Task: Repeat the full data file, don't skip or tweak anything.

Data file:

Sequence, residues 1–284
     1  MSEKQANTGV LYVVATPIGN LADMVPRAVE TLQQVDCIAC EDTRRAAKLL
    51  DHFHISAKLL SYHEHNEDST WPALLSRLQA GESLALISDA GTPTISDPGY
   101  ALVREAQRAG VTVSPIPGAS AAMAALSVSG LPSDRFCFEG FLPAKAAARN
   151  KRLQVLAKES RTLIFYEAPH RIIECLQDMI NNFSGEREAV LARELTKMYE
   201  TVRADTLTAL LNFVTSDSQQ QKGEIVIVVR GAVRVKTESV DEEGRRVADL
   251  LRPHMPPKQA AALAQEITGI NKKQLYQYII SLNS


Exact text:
Sequence, residues 1–284
     1  MSEKQANTGV LYVVATPIGN LADMVPRAVE TLQQVDCIAC EDTRRAAKLL
    51  DHFHISAKLL SYHEHNEDST WPALLSRLQA GESLALISDA GTPTISDPGY
   101  ALVREAQRAG VTVSPIPGAS AAMAALSVSG LPSDRFCFEG FLPAKAAARN
   151  KRLQVLAKES RTLIFYEAPH RIIECLQDMI NNFSGEREAV LARELTKMYE
   201  TVRADTLTAL LNFVTSDSQQ QKGEIVIVVR GAVRVKTESV DEEGRRVADL
   251  LRPHMPPKQA AALAQEITGI NKKQLYQYII SLNS